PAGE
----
While trying yet another diet (Jenny Craig) and exercise program (Curves) I began to notice a rock hard substance in my legs and it felt like they were getting bigger. About this time my legs started to split open and water would leak out (that's how big and tight they were getting). Unbelievably, when I went to my doctor he refused to listen to my concerns. I have since learned that most male doctors are preconditioned with an incredible prejudice against overweight women. So much so that they will tell you over and over again to go on a diet (even though you're on one) and exercise (even though you do). Mine would insinuate that I was cheating on Jenny Craig, when in reality there was so much food on Jenny Craig that I couldn't eat it all. My counsellor with JC began to notice that I was losing inches everywhere but below my waist (she measured me each week). She also measured my legs and told me they were getting bigger too. She was also concerned that after almost a year on the diet I had only lost 16 pounds when it should have been closer to 50. I went back to my doctor who again refused to listen to me.
In my case, I started to get several serious skin infections called cellulitis over the course of a year or two. After seven or more visits to the ER where I was given I.V. antibiotics and received home-care for a week at a time, one doctor in frustration said to me, "Why aren't you getting your lymphedema treated?" At that point in time I had never even heard the word "lymphedema" before. So I asked him what he was talking about. He was shocked that my doctor had missed something so obvious and sent a letter to him with a recommendation to have me treated with manual lymph massage. But did my doctor listen? Of course not. He could only see the fat. So I dumped him and went to a walk-in clinic, where I managed to get a new doctor who realized right away there was something wrong with me. FYI - my new doctor is a woman. (Yes, I think it makes a difference).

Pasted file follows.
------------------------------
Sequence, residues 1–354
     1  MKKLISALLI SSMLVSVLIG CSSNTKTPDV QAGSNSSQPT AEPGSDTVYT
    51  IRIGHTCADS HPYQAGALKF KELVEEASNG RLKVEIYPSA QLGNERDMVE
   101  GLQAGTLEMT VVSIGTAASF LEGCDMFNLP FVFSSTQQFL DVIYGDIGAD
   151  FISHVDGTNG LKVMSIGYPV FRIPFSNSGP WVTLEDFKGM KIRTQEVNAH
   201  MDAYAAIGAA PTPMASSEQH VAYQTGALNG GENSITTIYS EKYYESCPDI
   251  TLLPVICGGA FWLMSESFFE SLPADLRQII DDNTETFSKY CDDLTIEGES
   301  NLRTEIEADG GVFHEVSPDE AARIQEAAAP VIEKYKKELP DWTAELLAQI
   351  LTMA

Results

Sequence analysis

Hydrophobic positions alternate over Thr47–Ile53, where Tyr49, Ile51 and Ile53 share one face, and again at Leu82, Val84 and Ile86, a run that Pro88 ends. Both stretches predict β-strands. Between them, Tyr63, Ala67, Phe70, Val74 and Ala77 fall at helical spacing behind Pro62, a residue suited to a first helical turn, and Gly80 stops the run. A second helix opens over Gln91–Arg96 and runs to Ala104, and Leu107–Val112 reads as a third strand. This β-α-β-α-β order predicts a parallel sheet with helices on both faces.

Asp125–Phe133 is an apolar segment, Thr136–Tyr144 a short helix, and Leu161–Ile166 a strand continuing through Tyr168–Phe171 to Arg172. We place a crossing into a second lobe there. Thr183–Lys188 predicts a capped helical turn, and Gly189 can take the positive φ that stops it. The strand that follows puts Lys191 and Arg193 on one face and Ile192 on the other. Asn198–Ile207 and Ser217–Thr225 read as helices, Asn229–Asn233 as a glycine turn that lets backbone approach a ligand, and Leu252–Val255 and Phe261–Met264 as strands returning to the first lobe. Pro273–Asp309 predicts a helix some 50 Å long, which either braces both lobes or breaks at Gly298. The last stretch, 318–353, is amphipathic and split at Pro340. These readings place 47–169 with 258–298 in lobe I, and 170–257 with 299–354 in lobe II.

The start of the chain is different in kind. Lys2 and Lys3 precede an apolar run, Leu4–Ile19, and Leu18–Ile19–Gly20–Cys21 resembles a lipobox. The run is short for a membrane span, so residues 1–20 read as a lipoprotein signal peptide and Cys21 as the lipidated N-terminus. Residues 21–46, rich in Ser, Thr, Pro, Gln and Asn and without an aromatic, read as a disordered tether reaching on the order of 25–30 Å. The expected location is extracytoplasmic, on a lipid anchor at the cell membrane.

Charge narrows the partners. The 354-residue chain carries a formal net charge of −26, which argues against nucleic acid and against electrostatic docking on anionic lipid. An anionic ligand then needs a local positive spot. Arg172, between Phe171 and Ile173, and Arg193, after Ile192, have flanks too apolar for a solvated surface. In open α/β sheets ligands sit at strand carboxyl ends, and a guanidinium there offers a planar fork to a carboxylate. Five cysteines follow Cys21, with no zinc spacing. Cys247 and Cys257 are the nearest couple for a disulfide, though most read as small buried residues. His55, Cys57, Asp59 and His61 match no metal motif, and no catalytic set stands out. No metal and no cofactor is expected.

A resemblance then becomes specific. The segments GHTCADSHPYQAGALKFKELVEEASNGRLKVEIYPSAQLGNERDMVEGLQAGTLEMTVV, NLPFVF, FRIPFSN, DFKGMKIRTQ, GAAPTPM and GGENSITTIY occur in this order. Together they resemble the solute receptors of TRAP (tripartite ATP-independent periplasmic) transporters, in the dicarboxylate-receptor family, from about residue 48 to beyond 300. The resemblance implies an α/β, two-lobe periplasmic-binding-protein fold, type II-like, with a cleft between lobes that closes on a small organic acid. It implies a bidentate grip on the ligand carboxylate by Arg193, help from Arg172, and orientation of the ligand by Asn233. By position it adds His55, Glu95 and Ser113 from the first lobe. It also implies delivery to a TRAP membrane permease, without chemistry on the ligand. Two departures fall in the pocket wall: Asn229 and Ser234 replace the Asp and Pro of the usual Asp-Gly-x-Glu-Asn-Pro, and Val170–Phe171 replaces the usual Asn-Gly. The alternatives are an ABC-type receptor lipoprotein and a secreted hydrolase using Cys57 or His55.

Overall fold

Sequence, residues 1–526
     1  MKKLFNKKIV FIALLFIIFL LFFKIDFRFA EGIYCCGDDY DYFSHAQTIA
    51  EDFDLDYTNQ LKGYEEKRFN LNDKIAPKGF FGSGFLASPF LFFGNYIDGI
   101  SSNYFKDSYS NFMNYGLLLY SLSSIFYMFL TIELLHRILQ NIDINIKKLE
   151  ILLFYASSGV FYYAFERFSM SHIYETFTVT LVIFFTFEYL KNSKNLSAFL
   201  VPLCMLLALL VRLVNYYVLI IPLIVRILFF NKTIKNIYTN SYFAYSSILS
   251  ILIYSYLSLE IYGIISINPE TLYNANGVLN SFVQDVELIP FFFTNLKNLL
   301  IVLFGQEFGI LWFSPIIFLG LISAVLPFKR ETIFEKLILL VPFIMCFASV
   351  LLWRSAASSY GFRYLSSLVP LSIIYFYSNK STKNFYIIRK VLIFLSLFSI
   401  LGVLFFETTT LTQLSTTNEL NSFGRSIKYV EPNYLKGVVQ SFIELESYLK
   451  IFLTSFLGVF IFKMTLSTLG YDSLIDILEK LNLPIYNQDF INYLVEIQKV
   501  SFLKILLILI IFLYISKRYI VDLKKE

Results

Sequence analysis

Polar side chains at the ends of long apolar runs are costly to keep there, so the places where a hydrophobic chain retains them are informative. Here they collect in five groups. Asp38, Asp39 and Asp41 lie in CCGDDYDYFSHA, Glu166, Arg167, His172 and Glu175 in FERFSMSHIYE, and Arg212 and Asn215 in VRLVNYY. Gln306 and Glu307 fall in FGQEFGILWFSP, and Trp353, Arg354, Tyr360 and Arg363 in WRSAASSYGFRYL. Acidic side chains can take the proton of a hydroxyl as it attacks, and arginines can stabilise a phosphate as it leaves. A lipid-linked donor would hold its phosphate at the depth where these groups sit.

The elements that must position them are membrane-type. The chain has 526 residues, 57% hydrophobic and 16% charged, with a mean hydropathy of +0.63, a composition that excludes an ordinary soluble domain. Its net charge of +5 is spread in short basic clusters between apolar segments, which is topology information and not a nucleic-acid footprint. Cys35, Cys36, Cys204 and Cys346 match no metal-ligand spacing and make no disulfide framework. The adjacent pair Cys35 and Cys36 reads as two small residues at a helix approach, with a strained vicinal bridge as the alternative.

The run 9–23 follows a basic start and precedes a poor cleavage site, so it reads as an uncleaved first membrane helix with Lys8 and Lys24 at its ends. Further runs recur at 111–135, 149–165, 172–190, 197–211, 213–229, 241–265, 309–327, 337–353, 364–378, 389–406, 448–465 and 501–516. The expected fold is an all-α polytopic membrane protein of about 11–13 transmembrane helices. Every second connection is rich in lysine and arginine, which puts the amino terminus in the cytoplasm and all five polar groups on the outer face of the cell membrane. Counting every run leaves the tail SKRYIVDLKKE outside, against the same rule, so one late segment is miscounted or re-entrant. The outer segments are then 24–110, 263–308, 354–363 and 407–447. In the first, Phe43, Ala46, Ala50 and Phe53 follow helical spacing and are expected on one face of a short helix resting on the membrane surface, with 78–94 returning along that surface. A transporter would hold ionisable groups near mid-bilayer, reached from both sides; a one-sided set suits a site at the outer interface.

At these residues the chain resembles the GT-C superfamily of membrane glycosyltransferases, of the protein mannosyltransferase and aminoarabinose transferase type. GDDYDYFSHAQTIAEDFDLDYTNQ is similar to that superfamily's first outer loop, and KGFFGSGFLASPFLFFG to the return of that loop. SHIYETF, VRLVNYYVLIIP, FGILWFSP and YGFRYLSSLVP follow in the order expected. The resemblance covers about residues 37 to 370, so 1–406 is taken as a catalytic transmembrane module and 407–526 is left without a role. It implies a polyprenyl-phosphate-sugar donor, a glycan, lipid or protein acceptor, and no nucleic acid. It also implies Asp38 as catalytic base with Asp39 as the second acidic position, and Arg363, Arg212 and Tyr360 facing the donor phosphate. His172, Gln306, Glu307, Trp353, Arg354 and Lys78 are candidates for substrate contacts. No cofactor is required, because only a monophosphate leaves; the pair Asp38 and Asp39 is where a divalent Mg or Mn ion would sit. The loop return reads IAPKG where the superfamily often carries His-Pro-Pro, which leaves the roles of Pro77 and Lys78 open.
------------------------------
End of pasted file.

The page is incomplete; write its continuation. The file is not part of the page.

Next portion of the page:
She sent me to a lymphedema physical therapist who took one look at me and said, "I have some good news and some bad news. The good news is that all those years of trying to lose weight with diet and exercise and never being able to lose anything at all is not your fault. You have lipo-lymphedema and it is the reason you can't lose weight."
I wanted to cry. All those diets! All those gym memberships that never worked! All that money invested! I felt like a weight (pardon the pun) had been lifted off my shoulders. I always blamed myself but knew in my heart I couldn't have done anything differently. Still I continued to blame myself. But, now I finally had some answers. So I eagerly awaited her cure for me to lose the weight. That's when she hit me with the bad news.
"You have stage 3 lipo-lymphedema. There is no cure and dieting and exercising will never help you to get rid of it. Your legs will unfortunately continue to grow, but we can with manual lymph massage and compression stockings keep the growth at bay for a while."